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Haddo House


The house, former deer park and current Country Park are set within the wider Haddo Estate. Features include walks, lakes and a terraced garden.

The following is from the Historic Environment Scotland Gardens and Designed Landscapes Inventory. For the most up-to-date Inventory entry, please visit the Historic Environment Scotland website:

Type of Site

A well-preserved country estate with an impressive, large-scale park and woodland structure centred on an 18th-century William Adam house. Distinctive design features include the terrace garden, currently undergoing restoration (2010), the long SE avenue, and the wide range of estate buildings and ornaments in the grounds. Most of the grounds are open to the public.

Location and Setting

Set in the agricultural heartlands of north-east Aberdeenshire, Haddo is one of the largest Inventory sites in the region. It is located nearly 20 miles north of Aberdeen, and five miles (8 km) west of Ellon in a landscape characterised by gently rolling landform, long open views and the shallow valley of the River Ythan, which flows just north of the designed landscape boundary. Haddo House itself occupies a central position within the designed landscape, and views from here tend to be contained within the surrounding extensive park and woodland policies. The axial, tree-lined avenues that extend from the house channel sightlines further, with the most impressive vista stretching south-east towards a large, terminating urn monument. From elsewhere in the policies, however, especially from higher ground, views extend further afield across the wider Banff and Buchan plain, and to the south towards the distinctive landmark monument of the Hill of Ythsie. Other distinctive features of the designed landscape include two sizable lakes formed in the 19th century and plentiful woodland and forestry cover, distributed as thick, curving belts, clumps and larger plantations. The thick swathes of trees are prominent in the local landscape and serve to enhance the scenic character of the area. Encompassing a total of 1282ha. (3168ac.), the designed landscape is defined in part by boundary walls and is bordered by minor roads.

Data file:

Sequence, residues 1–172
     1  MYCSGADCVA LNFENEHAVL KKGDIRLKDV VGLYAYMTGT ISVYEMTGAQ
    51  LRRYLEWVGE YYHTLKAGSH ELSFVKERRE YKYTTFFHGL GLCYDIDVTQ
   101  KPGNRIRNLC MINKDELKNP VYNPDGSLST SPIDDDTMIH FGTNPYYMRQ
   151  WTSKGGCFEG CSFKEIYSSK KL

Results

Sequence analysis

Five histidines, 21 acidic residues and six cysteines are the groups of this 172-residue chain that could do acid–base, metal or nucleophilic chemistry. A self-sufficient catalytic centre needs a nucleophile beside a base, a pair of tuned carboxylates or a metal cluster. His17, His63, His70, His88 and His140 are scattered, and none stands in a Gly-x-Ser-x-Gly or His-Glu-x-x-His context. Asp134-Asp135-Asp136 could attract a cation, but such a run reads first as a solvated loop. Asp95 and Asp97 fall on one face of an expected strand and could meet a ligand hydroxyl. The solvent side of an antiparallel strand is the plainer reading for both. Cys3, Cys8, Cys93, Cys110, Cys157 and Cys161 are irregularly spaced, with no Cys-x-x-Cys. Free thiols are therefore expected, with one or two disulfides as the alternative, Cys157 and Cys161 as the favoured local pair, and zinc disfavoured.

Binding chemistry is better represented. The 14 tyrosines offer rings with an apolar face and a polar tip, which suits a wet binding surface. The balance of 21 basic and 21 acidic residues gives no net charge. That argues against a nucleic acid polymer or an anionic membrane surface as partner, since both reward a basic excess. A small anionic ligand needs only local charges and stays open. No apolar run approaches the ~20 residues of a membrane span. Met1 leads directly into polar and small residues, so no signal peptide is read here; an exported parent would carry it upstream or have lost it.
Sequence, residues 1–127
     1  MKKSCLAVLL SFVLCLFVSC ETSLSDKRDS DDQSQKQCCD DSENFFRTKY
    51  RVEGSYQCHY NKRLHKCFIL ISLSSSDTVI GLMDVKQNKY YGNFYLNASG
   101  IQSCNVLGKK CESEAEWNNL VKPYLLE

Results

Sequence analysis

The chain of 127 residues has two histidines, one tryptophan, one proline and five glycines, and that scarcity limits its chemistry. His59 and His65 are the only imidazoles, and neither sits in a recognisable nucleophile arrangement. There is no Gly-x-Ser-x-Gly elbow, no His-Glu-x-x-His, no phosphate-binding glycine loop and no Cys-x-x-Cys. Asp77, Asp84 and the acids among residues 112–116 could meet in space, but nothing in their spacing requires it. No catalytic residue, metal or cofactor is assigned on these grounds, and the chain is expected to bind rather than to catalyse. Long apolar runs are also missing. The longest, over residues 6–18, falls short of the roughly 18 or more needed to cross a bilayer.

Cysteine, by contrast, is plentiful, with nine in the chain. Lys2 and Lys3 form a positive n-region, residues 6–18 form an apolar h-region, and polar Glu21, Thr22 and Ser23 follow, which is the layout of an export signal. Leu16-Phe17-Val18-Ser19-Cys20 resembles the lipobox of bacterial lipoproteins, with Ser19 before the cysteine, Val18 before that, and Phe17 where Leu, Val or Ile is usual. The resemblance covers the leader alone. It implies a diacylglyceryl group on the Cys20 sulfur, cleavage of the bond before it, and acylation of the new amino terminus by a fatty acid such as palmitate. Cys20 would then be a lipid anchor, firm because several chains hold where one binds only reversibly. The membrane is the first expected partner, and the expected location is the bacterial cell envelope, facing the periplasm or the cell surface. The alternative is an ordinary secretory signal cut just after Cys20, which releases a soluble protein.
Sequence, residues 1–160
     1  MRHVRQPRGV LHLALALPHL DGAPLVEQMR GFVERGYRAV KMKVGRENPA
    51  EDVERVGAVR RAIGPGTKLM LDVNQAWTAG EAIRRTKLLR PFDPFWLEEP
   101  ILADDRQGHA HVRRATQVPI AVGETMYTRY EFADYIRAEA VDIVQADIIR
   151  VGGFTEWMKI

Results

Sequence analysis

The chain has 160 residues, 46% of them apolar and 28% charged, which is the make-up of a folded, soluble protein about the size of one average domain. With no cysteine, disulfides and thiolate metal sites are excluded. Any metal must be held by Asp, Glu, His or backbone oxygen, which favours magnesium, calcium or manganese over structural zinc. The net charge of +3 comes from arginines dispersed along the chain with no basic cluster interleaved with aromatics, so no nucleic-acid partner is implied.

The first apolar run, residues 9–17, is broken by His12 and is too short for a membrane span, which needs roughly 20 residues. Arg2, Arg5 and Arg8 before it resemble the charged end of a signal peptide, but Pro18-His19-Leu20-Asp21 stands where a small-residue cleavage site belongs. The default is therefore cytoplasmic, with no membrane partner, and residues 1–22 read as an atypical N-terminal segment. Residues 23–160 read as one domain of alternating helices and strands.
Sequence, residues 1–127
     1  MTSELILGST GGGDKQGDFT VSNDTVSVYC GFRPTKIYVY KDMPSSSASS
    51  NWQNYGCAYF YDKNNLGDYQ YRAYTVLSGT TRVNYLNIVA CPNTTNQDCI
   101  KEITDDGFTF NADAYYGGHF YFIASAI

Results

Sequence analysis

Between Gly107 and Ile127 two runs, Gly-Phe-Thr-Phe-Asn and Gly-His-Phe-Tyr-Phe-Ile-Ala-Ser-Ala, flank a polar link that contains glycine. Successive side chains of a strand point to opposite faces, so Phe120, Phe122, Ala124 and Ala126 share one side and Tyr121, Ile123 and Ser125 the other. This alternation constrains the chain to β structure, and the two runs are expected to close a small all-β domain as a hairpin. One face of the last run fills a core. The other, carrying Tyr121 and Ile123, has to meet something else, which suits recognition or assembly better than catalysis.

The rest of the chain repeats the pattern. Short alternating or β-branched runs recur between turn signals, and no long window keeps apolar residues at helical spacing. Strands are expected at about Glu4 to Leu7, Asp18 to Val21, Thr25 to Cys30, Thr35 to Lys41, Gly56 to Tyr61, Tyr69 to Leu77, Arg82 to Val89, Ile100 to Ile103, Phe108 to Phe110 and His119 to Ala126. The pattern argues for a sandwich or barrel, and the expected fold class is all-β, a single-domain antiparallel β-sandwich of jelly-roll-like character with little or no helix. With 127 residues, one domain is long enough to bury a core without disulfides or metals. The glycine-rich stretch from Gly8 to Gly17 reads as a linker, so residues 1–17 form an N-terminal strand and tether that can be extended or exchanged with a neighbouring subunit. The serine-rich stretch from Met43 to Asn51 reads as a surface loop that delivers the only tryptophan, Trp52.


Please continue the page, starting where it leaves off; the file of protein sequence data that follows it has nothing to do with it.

Landscape Components

Architectural Features

Haddo House is a granite ashlar, Palladian mansion comprising a 3-storey main block with slightly advanced, pedimented west centre, and single-storey quadrants linking two-storey wings. Designed by William Adam c.1724-8, and executed 1731-6 by John Baxter, the original house was subject to major additions and alterations during the 19th century, including the addition of massive external granite steps (Archibald Simpson 1822), a kitchen court (J & W Smith 1843), a sizable chapel (G. E. Street, 1876-81) and in 1879-81, the construction of a ground floor entrance colonnade, together with further new windows, staircases, and internal planning by James Maitland Wardrop.